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Thai Household Debt Record Thai Household Debt Crimps Rate-Cut Room: Southeast Asia

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Din Ruenmeesang spends about half his monthly income making minimum payments on his seven credit cards and multiple bank loans. That isn’t stopping the 33-year-old from borrowing again to buy a new car next year.

Spenders like Din are making it hard for Thailand’s central bank to cut interest rates even as Southeast Asia’s second-largest economy struggles with weakening growth. Thai household debt has more than tripled in a decade to a record high 83.5 percent of gross domestic product, and lower borrowing costs may exacerbate that.

“Life is short, and I want to enjoy it,” said Din, who works in the finance department of Bumrungrad International Hospital in Bangkok, and has racked up more than 200,000 baht ($6,100) in debt from buying clothes, shoes and decorating his apartment. “When I am short of money, I use personal loans. Interest rates aren’t bad. I still have room to borrow more.”

Central bank monetary policy undermined by consumer debt???

Is this a common trait in South East Asia?

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Fastest Increase

In Southeast Asia, Thailand and Malaysia have experienced the fastest increase in household indebtedness in the past five years, and the level is elevated relative to income levels, Rahul Ghosh, a senior research analyst at Moody’s Investors Service in Singapore, said in an October report. It poses a risk to private consumption growth and banks’ asset quality as the global credit cycle gradually tightens, he said.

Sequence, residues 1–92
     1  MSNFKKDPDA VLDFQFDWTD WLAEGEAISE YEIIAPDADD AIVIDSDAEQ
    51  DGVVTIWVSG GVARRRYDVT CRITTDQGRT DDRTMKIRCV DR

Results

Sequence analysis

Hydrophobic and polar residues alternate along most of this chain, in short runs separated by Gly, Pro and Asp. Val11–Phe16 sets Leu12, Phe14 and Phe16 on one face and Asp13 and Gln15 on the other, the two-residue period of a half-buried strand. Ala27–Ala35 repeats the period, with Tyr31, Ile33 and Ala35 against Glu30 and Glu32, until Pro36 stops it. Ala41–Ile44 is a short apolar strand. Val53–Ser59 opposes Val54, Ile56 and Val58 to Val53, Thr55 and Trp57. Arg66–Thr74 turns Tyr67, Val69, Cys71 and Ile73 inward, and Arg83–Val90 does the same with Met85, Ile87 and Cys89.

Thai household debt was 10.03 trillion baht as of the end of June compared with 2.85 trillion baht in the same period in 2004, data show. Malaysia’s household debt was 86.8 percent of GDP as of end-2013, according to central bank data.

The Thai central bank has said the level of household debt is “alarming,” and asked the military-run government not to introduce policies that stimulate unnecessary borrowing. Prime Minister Prayuth Chan-Ocha, who seized power in a military coup in May, has unveiled a stimulus package of about $11 billion and pledged to quicken budget spending to boost consumption.

“We want the economy to grow and people to spend money, but we also want those who have lots of debt to be careful,” Governor Prasarn Trairatvorakul told reporters yesterday. “When we have lots of debt, it may be a constraint to growth.”

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